Symphony in 3 Movements AAAAA©The George Balanchine Trust. Photo by Rosalie OConnor
Symphony in 3 Movements ©The George Balanchine Trust. Photo by Rosalie O' Connor.

Doubtlessly intended as a bow to the dancemaker whose long-time home was used for the season, who could argue with the inclusion of Balanchine’s Symphony in Three Movements to Stravinsky’s rich score? Let me be devil’s advocate. Unless you are Edward Villella or Suzanne Farrell with a vision of and an insight to the work that no one else in New York possesses, then I do not want to see Balanchine fare — no matter how delicious — that I get to taste all year anyway.

Boston Ballet’s conductor does take the symphony’s tempi slower than what we are used to, which gives surprising clarity of the choreographic structure in the group sections. Yet, it does not allow for any flow in the central pas deux. The female principal in particular does not let the movement speak for itself; she announces each step with a corresponding facial expression. The corps de ballet, though, looks well trained and their precision and symmetry impress. The final tableau is a stunning lesson in staged architecture.

The other work even more familiar to me (not the least because I performed the central role) was Nijinsky’s Afternoon of a Faun set to Debussy’s music, which is rarely seen in New York. Boston Ballet’s reconstruction by the Paris Opera’s Ghislaine Thesmar is quite different from what I am used to, but the beauty of the sets and costumes (after the original designs by Leon Bakst) is enough to immerse oneself in the story of the Faun whose afternoon nap is disturbed by nymphs. He has a sensuous encounter with one of them, and, retaining her veil, he prostrates himself on it before the curtain comes down. The furor at the work’s Paris premiere in 1912 caused impresario Diaghilev to have his company reprise the work on the spot. A dance legend was born.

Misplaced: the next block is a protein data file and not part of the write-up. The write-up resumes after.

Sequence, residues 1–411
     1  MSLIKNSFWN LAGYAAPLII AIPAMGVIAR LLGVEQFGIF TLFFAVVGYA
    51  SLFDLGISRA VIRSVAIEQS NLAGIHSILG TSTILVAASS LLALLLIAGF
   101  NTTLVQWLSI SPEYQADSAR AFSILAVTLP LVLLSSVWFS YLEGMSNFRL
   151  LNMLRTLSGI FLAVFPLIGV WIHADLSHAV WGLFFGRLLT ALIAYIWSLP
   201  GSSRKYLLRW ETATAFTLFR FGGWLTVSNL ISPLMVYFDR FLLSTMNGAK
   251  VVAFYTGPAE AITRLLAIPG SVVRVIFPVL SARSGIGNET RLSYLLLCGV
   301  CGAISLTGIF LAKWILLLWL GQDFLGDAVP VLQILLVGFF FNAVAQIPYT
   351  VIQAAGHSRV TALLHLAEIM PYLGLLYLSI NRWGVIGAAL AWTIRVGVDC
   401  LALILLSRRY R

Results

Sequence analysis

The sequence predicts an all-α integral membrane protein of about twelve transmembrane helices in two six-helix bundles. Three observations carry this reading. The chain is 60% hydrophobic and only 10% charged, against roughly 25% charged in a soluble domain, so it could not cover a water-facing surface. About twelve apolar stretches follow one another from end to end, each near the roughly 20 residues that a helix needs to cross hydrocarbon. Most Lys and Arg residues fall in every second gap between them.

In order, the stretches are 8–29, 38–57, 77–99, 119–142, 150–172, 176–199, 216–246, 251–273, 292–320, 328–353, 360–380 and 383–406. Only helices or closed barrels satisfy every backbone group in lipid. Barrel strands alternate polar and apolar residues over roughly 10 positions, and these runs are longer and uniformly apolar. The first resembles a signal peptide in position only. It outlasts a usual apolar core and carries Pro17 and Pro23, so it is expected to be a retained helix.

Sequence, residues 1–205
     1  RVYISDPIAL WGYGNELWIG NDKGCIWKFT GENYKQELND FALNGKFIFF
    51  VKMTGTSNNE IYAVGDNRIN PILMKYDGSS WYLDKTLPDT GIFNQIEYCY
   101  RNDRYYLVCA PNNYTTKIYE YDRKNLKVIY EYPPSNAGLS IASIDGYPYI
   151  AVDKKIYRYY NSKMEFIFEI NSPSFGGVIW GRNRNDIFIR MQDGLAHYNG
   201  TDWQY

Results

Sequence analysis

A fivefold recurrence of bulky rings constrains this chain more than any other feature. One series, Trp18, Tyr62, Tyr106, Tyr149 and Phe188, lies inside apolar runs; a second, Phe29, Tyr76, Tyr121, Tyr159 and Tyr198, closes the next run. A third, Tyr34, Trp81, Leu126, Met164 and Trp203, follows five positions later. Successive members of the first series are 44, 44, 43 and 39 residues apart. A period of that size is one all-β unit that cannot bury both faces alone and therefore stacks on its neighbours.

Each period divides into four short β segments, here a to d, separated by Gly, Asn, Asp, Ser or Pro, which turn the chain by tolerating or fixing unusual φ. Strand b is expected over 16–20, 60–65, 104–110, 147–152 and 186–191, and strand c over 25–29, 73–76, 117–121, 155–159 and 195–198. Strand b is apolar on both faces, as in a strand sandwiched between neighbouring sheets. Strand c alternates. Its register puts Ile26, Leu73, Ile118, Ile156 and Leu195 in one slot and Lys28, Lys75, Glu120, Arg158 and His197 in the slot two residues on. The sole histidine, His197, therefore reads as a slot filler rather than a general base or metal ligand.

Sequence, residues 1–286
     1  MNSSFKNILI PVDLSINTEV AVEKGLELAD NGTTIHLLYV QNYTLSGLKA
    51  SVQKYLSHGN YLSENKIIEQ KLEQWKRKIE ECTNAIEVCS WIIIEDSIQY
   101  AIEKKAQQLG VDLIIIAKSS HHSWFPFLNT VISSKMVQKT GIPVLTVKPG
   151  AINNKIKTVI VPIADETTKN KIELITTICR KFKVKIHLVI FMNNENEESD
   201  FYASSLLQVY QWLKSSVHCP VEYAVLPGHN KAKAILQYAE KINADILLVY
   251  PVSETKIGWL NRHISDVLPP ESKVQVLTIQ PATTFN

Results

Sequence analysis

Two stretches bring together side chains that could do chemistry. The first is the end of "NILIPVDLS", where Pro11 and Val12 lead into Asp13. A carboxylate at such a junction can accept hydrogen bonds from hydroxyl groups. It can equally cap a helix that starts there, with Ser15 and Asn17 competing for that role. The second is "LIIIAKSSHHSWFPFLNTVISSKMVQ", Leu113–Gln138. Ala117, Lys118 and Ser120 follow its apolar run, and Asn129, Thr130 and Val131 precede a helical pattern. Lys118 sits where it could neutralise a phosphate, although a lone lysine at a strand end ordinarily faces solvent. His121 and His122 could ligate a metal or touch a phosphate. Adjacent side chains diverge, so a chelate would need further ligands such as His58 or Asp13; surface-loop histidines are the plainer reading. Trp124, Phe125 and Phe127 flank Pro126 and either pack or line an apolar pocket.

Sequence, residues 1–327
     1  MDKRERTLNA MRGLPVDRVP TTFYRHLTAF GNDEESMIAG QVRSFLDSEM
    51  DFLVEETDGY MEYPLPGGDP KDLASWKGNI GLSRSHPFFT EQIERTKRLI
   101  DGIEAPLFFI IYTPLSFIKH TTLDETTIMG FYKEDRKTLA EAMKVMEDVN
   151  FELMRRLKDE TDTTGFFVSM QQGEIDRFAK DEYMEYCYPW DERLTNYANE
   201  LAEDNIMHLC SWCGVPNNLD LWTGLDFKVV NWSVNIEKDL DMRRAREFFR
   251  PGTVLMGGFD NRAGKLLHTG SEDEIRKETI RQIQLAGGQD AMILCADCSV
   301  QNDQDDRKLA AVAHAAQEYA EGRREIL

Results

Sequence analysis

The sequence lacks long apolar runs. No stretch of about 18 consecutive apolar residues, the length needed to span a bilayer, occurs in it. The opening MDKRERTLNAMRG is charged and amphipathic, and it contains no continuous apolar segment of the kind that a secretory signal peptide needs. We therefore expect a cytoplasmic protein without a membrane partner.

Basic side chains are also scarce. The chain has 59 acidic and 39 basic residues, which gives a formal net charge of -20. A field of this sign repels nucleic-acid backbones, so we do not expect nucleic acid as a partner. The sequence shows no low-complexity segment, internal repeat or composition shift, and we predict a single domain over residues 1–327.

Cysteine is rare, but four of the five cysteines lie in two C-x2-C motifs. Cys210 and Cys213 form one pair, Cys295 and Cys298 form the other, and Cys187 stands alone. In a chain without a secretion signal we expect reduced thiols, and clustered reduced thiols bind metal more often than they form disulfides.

Afternoon of a Faun, Photo by Rosalie O'Connor
 Afternoon of a Faun, Photo by Rosalie O'Connor

What was outrageous back then seems an anachronism now. Here is a work so beautiful and stylized that it creates the impression one is looking at it under glass. I question some of the choices in direction and coaching and would like to see a more naturalistic impression within the two-dimensionality of the work. While the hieroglyphs and vase engravings that inspired Nijinsky were two-dimensional, some of them featured fully-fledged characters rather than mere caricatures. As much as one can revel in the beauty of the setting and delight in the ebb and flow of the orchestra, this performance reminds me of cutout figures, who dance by the number.  A more sensually charged performance of this seminal work would make even today’s viewer’s spirits rise.

Jorma Elo’s Plan to B (2004) and Jiri Kylián’s Bella Figura (1995) are not my favorite works of these choreographers, but they make good use of the strong dancers of the company and illuminate the many choices that today’s dancescape has in store. Boston Ballet’s dancers do a great service by performing all of the contemporary works with technical exactitude and brio.

I hope that the full houses that greeted the company at Lincoln Center will inspire the artistic directors of the major New York ensembles to invest in contemporary work by an array of living choreographers. 

 

The Dance Enthusiast